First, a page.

COVID-19 changes air travel

As we watch airlines go bankrupt and see borders remain closed, many travellers are wondering if there will be a travel industry for them to return to after lockdown. Airline travel hasn’t been this low since the 1960s, so how can we expect the industry to recover?

“We’ve got about 90 per cent of the domestic seat capacity not flying,” says Dr Dean Headley from Wichita State University. He explains that it took around two years for the industry to fully recover after the 20 per cent reduction in seat capacity following the September 11 attacks. “This recovery will certainly take longer,”  he says.

Dr Headley admits that the industry hasn’t figured out exactly how the virus will affect safety measures, but it may lead to an increase in security and screenings, to help determine who is and isn’t let on an aircraft. “Airlines and travellers are being cautious and for good reason. And I think they will continue to be cautious about the return to flying and keep the public’s interest in mind.”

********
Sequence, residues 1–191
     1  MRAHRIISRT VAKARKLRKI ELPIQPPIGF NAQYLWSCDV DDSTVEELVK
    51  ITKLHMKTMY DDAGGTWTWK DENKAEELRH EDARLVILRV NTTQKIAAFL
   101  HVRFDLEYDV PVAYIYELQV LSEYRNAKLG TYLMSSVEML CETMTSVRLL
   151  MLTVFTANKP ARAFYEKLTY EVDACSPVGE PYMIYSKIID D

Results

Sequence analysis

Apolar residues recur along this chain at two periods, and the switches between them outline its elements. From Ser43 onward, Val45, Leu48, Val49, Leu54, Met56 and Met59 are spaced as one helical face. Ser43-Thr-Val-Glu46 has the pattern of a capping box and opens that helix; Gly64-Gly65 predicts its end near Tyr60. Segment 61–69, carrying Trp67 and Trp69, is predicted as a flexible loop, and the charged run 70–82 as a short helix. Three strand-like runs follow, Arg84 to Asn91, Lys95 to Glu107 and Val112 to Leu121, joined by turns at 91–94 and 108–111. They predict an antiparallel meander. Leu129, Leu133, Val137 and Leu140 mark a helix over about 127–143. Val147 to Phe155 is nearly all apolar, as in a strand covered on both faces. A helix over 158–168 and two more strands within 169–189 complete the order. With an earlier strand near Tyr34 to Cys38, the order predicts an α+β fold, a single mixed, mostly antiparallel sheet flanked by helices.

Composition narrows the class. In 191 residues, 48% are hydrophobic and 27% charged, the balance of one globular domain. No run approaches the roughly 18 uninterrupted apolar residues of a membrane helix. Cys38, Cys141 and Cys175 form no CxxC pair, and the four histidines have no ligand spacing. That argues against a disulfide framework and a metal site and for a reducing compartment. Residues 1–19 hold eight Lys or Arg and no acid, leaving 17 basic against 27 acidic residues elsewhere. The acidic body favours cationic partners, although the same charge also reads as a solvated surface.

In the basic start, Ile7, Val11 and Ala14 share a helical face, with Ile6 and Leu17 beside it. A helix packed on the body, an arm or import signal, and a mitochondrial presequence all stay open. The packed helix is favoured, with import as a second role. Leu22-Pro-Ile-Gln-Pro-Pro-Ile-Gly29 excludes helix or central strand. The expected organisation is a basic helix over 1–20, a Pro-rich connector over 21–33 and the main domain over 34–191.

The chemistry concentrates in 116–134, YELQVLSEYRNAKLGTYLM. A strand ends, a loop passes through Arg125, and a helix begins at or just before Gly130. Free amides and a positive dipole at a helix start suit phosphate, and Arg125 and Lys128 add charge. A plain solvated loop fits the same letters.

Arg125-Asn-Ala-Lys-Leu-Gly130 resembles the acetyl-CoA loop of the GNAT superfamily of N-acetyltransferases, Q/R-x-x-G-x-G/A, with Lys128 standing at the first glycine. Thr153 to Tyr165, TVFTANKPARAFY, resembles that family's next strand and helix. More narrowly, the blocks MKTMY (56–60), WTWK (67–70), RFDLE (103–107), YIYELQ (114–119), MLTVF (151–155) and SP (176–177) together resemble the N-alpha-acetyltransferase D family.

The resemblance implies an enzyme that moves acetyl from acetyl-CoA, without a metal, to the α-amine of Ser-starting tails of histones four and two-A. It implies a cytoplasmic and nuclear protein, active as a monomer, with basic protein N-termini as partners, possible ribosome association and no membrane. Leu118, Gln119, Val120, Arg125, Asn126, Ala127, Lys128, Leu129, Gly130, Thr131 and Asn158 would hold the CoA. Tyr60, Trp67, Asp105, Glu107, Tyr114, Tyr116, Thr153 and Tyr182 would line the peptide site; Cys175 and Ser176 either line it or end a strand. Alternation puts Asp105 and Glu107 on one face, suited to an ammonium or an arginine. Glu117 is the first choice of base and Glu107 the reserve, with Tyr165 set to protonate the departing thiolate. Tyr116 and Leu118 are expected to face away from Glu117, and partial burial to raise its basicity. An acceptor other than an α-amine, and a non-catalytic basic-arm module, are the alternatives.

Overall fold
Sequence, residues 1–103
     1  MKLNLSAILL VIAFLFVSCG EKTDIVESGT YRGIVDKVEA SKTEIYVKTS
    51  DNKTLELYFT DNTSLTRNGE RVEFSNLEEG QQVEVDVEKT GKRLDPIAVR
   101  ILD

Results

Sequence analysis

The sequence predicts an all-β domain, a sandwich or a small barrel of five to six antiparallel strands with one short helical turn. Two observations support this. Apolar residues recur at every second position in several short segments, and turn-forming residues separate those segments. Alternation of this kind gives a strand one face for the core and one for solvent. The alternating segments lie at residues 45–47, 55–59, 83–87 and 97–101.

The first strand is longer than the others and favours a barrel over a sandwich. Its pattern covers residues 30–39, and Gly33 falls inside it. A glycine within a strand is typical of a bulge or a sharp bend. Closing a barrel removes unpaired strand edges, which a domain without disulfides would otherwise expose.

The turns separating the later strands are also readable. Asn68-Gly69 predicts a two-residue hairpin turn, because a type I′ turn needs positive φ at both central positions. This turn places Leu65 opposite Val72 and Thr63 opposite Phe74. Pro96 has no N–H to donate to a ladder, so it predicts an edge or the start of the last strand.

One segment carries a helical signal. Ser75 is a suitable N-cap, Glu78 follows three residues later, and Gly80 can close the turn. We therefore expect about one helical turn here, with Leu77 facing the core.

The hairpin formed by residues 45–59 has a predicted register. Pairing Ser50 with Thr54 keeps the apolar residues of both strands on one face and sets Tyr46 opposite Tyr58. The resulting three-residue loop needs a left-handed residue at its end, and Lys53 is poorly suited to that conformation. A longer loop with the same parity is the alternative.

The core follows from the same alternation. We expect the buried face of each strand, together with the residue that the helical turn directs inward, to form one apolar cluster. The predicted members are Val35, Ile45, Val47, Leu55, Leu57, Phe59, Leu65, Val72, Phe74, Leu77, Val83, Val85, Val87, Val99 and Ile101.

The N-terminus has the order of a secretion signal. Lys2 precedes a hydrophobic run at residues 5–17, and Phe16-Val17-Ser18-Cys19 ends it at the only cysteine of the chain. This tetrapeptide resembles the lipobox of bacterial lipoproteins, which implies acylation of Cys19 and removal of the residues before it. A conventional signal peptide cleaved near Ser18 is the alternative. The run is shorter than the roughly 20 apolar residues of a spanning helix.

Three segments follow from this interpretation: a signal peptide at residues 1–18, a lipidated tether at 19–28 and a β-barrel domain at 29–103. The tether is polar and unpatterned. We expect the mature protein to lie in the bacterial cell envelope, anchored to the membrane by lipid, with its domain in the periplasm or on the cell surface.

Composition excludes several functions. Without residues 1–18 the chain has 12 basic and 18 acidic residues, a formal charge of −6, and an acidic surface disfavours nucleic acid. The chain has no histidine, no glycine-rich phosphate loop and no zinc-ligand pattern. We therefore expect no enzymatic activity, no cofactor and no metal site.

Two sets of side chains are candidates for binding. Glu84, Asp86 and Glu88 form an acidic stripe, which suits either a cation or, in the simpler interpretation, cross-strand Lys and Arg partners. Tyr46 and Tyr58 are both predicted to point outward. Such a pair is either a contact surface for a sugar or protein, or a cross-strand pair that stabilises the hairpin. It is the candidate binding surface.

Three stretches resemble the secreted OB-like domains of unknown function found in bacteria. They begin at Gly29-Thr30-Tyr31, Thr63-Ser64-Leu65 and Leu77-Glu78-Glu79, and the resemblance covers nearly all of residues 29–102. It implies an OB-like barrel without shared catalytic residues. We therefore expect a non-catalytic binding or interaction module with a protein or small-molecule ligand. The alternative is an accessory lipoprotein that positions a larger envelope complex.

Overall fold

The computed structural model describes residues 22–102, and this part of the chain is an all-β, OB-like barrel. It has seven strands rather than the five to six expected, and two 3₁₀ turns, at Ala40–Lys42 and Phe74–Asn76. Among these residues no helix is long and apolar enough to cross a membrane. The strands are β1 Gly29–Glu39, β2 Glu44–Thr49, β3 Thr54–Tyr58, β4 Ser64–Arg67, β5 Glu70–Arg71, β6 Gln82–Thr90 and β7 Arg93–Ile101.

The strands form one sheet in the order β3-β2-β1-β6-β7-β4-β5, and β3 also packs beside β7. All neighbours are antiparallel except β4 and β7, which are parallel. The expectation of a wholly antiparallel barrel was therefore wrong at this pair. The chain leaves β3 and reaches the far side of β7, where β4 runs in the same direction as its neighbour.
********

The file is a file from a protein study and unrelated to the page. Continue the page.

When asked how the impact of coronavirus is different to the impact following the September 11 attacks, Dr. Headley said: “I think the biggest difference is the nature of the fear. It is very difficult to put a face on what we should be cautious about with coronavirus. It’s our spouse, our neighbour. It’s a doorknob. It’s a seat in an airplane. It can be anywhere. It’s faceless. It is hard to see until it is too late. The fear that kept people from flying after 9/11 is different than the fear we have with this coronavirus.”

He acknowledges that some airlines may go under as a result of the virus, which will limit the amount of choice we have about when and where we can travel.

When Global Travel Media asked Dr Headley for some final comments, he said, “Be encouraged by all that is being done to bring this coronavirus under control. This crisis will pass, but it will change the flying experience as well as our daily lives … It’s hard to say exactly how at this point. I think one thing this has taught us is that … literally, the world is interconnected, and we must be aware of what’s going on all around us.

“Travellers must be informed and be prepared to take care of themselves. Whether it’s a glitch in a reservation or a missed connection or a health issue, you must be prepared to take care of yourself because, while the airlines try their best, they can’t do that for you. You must be responsible for your own outcomes as much as possible. Do not act out of fear, but act from a sense of personal responsibility for yourself and those around you.”


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